Stupid Love, the lead single from Lady Gaga’s forthcoming 2020 album, Chromatica, is an electropop/dance/retro disco banger that marks a return to Gaga’s signature electronic sound not heard in the Hot 100 Top 10 since Applause way back in 2013.
To help her prime the song for MAXimum infectiousness, Gaga enlisted an all-star team of hit makers including melodic math master Max Martin, Bloodpop (co-writer and co-producer of Justin Bieber’s 2015 smash, Sorry), Tchami (co-writer of the DJ Snake, Major Lazer and M0 hit, Lean On; co-writer and co-producer of Gaga’s Applause), and Ely Rise (credits with Diplo, Mike Posner, among many others).
The result of this collaboration is a song that is so hooky, it’s almost impossible to get it out of your head after just one listen. How did they do it? Let’s take a look under the hood to find out.
Stupid Love’s Hook Arrangement Chart
Song Sections: I=Intro | A=Verse | VB=Vocal Break | PC=Pre-Chorus | B=Chorus | C=Bridge
*Numbers represent the number of times a particular hook appears within a section
Our journey begins in the intro, where the listener is hit with one of the song’s most infectious vocal hooks right out of the gate. With its unique processed and pitch-shifted sound, this super-infectious two-part earworm easily cuts through airwave clutter, grabs the listener’s attention, and, along with the sparse drumbeat, locks them into an infectious groove while simultaneously whetting their appetite for the hook’s return later in the song. Bolstering the hook’s impact and familiarity is its nonsensical lyrical content, which is a key ingredient in many of today’s and yesterday’s pop hits. For example, in 2019 around two-thirds of all non-hip hop Hot 100 Top 10 hits featured some form of nonsense vocal in the intro, among them megahits including Billie Eilish’s Bad Guy, Lil Nas X’s Old Town Road and Post Malone’s Circles, to name just a few.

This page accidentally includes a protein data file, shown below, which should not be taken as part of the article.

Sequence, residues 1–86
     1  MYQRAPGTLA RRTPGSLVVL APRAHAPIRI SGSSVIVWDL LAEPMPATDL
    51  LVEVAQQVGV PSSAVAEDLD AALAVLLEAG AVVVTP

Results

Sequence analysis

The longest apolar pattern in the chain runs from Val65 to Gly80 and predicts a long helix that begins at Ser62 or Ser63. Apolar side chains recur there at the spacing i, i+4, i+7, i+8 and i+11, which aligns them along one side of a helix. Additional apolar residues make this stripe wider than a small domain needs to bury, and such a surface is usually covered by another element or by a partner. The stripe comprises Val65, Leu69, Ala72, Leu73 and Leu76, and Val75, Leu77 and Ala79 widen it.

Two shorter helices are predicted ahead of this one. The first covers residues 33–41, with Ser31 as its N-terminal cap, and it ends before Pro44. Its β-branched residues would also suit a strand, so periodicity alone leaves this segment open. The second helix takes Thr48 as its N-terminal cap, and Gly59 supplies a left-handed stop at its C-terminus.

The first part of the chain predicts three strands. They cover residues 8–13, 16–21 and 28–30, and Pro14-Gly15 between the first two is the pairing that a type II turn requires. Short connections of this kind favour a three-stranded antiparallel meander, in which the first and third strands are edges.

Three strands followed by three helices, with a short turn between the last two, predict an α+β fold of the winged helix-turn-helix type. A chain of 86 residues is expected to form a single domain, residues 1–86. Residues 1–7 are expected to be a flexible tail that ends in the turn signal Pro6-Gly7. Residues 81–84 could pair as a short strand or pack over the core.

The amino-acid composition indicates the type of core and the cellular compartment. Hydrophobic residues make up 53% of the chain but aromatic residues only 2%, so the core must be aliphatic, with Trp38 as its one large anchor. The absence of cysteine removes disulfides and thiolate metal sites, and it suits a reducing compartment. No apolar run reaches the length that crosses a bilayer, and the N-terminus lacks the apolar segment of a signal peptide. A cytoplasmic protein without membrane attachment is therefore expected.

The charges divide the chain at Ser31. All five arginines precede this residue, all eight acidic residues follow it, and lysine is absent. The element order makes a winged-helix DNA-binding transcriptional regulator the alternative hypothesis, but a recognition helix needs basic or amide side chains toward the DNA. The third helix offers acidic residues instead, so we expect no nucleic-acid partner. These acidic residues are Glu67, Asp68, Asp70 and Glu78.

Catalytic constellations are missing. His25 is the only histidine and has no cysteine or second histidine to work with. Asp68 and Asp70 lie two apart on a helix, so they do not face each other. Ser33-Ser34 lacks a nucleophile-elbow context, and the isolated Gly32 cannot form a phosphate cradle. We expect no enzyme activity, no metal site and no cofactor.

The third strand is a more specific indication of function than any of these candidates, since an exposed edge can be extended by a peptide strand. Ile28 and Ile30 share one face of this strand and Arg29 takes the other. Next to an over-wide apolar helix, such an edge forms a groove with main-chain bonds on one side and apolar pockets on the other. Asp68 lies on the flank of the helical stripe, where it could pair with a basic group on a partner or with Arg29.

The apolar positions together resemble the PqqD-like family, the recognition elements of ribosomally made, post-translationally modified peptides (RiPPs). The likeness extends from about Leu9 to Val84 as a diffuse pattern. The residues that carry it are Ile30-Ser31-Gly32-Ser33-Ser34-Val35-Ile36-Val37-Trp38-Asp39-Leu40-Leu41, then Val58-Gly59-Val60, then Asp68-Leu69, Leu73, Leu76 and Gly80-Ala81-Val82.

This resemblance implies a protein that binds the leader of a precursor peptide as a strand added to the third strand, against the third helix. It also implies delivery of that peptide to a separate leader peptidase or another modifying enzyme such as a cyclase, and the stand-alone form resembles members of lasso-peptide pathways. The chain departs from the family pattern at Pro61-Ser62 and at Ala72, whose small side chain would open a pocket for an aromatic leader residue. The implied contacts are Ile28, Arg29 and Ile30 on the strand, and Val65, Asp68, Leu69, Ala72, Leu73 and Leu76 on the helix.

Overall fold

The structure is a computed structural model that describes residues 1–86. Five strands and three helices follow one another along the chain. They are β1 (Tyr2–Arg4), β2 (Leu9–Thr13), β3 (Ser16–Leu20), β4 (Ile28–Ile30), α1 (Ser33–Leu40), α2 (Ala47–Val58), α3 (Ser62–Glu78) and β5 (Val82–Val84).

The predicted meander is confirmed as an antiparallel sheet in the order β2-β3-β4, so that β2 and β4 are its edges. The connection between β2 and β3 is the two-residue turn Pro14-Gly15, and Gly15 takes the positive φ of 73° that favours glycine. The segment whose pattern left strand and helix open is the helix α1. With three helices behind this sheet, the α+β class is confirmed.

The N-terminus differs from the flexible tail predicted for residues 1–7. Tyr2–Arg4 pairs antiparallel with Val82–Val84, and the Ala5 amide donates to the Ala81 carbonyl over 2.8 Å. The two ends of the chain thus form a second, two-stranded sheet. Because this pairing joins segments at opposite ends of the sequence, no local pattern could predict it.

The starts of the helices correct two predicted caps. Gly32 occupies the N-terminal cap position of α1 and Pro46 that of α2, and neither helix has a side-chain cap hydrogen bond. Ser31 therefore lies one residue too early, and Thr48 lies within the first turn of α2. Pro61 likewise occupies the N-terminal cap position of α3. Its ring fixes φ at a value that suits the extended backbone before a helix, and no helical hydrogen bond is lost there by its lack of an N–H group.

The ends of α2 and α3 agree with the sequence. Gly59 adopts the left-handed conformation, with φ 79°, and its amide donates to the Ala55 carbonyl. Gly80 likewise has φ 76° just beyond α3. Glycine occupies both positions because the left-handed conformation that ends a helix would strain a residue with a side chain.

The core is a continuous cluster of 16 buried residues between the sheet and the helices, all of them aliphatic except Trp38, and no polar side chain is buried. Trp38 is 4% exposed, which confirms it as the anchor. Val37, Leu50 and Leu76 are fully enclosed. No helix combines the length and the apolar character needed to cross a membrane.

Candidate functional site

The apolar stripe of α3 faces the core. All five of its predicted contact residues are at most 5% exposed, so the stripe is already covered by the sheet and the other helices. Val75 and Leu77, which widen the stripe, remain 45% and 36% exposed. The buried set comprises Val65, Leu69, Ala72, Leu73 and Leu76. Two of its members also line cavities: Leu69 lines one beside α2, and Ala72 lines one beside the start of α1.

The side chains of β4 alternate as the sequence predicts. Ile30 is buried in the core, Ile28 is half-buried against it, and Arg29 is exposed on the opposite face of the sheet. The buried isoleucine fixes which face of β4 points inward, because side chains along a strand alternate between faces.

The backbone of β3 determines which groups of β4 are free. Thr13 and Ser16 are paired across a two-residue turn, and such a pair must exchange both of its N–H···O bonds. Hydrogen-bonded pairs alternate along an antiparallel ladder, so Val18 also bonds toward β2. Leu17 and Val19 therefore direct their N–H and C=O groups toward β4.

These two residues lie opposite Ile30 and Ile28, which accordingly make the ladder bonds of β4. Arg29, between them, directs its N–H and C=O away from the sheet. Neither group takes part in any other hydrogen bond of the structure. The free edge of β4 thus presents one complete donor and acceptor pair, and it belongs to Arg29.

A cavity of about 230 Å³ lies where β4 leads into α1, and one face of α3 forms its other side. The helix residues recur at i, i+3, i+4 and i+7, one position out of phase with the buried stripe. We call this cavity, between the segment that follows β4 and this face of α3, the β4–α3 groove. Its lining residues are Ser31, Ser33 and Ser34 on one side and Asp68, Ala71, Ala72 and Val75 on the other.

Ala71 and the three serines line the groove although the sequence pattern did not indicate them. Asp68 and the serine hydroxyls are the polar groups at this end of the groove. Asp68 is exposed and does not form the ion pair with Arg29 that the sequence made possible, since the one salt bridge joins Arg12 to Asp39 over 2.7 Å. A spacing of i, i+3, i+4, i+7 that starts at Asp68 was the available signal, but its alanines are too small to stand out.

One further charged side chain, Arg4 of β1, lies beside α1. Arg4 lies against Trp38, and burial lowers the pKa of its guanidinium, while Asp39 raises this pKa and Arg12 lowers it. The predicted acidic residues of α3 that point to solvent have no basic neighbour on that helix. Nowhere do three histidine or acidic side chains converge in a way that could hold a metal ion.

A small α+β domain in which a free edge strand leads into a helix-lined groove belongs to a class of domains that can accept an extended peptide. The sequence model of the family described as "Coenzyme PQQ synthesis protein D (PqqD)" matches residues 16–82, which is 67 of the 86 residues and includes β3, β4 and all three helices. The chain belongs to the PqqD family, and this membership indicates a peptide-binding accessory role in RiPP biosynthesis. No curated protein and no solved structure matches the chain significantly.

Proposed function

Verse 1 (A1)
The next stop on our hook journey is the first verse. But, guess what? It’s hookless! While its melody is infectious, the verse doesn’t feature any standout hooks for the listener to latch onto. However, considering the caliber of the song’s writers, the verse’s lack of hooks is clearly not an oversight. In fact, the benefits of the strategic omission of a standout hook in the verse are twofold – it places the listener’s focus on the storyline without distraction, and it serves as an important “hook respite,” as we at Hit Songs Deconstructed call it, within the song’s framework. Had this and every other section been chock-full of infectious hooks, the song’s impact would be diminished because there would be no anticipation for the return of hookier sections. So, the answer to the age-old question is yes – there can, in fact, be too much of a good thing. But, despite the lack of full hooks, there is one clever element that keeps the intro vocal hook in the back of the listener’s head: one note of it is played at the 15 second mark, which is just enough to remind the listener of the hook and subtly heighten their craving for its return later in the song.
Vocal Break 1 (VB1)